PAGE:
Imperialism (尊王論)

Imperialism (sonnoron) is the idea of valuing the emperor above all else. Originally it stemmed from Confucianism in China and was introduced into Japan after undergoing a certain degree of transformation.

In imperialism, respect for the 'emperor' who is said to govern his people with virtue, justice and benevolence is advocated, over respect for 'supremacy' or a supreme ruler who governs his people with military force (military rule). In China, since the rulers of the ancient Chou kingdom were taken as the ideal model for the emperor, the word 'king' was used instead of emperor. At the time when imperialism was introduced into Japan in the Edo Period (the period during which the Tokugawa shogunate ruled Japan from 1603 to 1867), the tenno (emperor) was advocated as the 'king' and the shogun of the Tokugawa shogunate was the 'military ruler'; despite this, sometimes the Chinese character meaning emperor was used instead of 'king', based on assumptions of superiority, that the emperor was more than a mere 'king'.

In the shogunate system, the Imperial Court had restrictions put on it by the shogunate, but it was nominally situated at the top of the order of authority and the religious system. When confusion over reform of the shogunate system and political chaos due to tension with foreign countries occurred, the Tokugawa shogunate tried to make use of the authority of the Imperial Court for the maintenance of political order, insisting that its political power was entrusted by the Imperial Court, and through this the authority of the Imperial Court was restored.

In the middle of the Edo Period, the study of the Japanese classics (National Learning) became popular, and the shinto religion in addition to such famous historical works as the Records of Ancient Matters and Chronicles of Japan were increasingly studied, and the study of Japanese classics spread among the intellectual class including samurai warriors and rich farmers. In addition, the restoration of emperors' tombs and a tendency to connect the ancestors of feudal clans to the imperial line arose. At the end of the Edo Period, imperialism became more absolute as nationalism was advocated in the Hirata Japanese classics and in Mitogaku, a school of Japanese historical and Shinto studies that arose in the Mito domain, and imperialism also developed into a movement to abolish Buddhism. When the Tokugawa shogunate ended its policy of isolation and concluded treaties with foreign countries, opening Japan to the outside world, imperialism was fused with the principle of excluding foreigners, and grew into an anti-foreign imperialism; this became a conduit for criticism of shogunate policy and for the anti-shogunate movement, and exerted an influence on national polity theory and State Shinto.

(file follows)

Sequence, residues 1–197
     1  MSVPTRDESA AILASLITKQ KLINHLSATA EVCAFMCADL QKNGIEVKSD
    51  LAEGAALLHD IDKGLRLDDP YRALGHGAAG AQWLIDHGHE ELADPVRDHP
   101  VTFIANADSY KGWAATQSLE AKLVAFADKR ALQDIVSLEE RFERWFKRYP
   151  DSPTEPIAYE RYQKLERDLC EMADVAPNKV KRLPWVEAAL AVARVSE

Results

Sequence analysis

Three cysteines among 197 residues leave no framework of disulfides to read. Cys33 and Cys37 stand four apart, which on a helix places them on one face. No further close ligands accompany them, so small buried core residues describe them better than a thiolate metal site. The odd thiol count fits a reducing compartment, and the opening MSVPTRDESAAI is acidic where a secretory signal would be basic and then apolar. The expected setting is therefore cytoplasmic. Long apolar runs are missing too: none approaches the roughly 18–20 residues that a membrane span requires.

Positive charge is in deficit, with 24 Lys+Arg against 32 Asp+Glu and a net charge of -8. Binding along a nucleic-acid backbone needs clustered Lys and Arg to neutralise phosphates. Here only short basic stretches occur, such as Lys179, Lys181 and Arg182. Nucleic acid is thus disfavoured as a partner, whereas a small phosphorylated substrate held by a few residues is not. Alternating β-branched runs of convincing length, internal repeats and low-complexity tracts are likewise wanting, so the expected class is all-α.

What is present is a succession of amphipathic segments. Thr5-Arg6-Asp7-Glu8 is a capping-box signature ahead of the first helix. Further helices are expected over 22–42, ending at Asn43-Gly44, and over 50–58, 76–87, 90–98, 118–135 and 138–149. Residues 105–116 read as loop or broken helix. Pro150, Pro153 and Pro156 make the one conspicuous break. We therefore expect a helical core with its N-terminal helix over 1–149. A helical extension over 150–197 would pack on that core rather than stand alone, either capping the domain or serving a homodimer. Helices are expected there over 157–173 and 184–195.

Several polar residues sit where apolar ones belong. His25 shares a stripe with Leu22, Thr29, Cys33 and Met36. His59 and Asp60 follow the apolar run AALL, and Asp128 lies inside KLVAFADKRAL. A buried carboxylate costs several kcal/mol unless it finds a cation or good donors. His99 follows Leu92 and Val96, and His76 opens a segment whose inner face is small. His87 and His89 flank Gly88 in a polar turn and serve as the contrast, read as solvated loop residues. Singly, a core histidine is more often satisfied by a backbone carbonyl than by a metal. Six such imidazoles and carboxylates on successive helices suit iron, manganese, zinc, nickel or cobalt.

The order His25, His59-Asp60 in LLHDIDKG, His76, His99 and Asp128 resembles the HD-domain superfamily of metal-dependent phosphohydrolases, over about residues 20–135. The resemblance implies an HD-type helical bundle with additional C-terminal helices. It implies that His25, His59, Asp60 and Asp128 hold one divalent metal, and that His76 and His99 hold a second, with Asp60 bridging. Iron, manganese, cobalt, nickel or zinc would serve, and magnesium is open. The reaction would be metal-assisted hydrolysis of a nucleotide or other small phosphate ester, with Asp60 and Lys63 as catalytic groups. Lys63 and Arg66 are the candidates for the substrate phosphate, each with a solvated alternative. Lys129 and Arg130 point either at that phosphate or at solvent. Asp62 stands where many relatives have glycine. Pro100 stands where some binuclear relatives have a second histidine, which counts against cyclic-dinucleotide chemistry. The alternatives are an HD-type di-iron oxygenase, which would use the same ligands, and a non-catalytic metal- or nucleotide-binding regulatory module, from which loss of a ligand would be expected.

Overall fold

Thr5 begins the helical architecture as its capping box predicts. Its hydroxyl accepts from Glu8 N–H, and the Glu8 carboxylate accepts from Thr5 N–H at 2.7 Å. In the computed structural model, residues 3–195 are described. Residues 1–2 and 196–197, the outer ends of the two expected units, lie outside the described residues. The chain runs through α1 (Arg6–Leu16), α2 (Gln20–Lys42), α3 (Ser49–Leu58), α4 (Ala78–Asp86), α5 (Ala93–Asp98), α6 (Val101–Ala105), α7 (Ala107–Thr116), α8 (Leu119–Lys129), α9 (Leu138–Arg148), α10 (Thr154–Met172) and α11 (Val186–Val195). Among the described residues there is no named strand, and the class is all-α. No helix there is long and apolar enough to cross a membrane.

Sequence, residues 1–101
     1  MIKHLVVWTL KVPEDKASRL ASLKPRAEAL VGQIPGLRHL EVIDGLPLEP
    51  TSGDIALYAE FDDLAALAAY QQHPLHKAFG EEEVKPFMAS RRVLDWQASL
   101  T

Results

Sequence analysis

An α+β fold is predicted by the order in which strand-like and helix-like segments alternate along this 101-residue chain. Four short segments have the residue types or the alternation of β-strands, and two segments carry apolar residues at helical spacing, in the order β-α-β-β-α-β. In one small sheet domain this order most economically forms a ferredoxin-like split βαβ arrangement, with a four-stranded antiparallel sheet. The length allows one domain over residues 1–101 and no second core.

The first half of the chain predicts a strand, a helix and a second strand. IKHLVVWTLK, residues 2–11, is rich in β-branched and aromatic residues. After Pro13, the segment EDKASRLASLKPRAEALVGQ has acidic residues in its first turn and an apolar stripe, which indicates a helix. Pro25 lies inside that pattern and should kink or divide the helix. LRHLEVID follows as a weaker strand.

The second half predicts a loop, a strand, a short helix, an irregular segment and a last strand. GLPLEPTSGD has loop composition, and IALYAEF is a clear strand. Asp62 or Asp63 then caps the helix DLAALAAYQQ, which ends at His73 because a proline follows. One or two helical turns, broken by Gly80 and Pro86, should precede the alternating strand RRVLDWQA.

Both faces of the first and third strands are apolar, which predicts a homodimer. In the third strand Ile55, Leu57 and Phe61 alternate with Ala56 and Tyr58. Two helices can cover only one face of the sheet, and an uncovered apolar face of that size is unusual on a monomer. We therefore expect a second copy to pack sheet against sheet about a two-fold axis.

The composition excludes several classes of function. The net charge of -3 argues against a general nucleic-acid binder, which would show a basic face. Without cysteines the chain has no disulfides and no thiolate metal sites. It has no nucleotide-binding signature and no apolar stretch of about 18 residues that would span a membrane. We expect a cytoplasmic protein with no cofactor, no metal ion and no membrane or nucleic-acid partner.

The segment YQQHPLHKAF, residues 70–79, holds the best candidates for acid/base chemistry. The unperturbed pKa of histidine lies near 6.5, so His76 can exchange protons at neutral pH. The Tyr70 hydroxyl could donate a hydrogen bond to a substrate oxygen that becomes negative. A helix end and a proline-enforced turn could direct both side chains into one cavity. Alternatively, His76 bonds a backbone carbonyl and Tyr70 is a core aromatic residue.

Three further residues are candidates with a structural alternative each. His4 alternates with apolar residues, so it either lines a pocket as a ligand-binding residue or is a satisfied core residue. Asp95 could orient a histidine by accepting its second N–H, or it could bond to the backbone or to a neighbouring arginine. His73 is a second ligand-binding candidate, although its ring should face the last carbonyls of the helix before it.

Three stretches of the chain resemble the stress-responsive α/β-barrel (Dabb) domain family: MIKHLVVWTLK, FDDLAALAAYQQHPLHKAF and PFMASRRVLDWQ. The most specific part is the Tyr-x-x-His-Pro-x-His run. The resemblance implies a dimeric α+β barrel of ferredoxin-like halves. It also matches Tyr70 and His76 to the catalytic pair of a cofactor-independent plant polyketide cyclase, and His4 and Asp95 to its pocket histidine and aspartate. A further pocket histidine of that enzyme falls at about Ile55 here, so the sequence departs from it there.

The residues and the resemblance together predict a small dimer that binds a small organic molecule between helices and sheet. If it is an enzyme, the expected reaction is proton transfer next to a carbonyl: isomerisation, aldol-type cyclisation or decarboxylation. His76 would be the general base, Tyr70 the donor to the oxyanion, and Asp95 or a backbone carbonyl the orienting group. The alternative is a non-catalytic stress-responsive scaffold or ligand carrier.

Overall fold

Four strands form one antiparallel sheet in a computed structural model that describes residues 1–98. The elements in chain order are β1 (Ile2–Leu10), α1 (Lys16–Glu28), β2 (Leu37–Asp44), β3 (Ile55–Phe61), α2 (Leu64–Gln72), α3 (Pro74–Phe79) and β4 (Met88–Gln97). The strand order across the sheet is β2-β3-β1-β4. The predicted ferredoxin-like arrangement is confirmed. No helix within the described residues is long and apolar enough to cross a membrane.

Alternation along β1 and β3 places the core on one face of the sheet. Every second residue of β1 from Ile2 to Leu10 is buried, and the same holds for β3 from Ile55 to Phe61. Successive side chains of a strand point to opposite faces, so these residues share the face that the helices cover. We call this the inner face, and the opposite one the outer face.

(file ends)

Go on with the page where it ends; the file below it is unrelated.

The Tokugawa shogunate adopted the teachings of Zhu Xi (a Chinese philosopher of the twelfth century) as the principle of controlling people and Confucian philosophy took hold. However, the Tokugawa shogunate originally came to power at the end of years of battles among military families and the shogunate corresponded to the 'military government' which was contrary to 'righteous government', therefore the logic for justifying the Tokugawa shogunate was filled with contradiction from the beginning. In China, the model for Confucianism and the object of admiration, the Ming dynasty went to ruin and the country came to be controlled by the Ching dynasty; China was said to have been reduced to 'a country of beasts' and no longer acted as a standard to emulate.
Therefore, Soko YAMAGA said that the orthodox Confucianism rooted in Japan and concluded 'Japan was China.'
Moreover, the establishment of Confucianist thought in Japan meant the establishment of a China-centered view of the world in Japan, which had an influence upon emperor-centered historiography in later times and became the foundation for a Japanese style China-centered view of the world. In Confucianism, whether to allow the expulsion of a disqualified monarch had been a difficult problem to deal with, but the Tokugawa Shogunate adopted a position taken from the standpoint of Mencius (a Chinese thinker in the fourth century BC) concerning the teachings of Zhu Xi, and approved of the Tang-Wu revolution (the expulsions of disqualified monarchs by King Tang and King Wu) and the revolution (change of dynasty) decreed by Heaven (when the incumbent emperor is found lacking in moral virtue). The adoption of such a principle would mean that a shogun would be able to expel an emperor; consequently the Kimon school founded by Ansai YAMAZAKI took a position opposed to the expulsion of a disqualified monarch and transformed Zhu Xi's teachings from a pro-establishment ideology to one that was anti-establishment. Furthermore, conventional Chinese thoughts were Japanized in the same way, and united with the doctrine of excluding foreigners, developing into a radical political position criticical of the shogunate and its domain system, and as such, this became a driving force for the Meiji Restoration.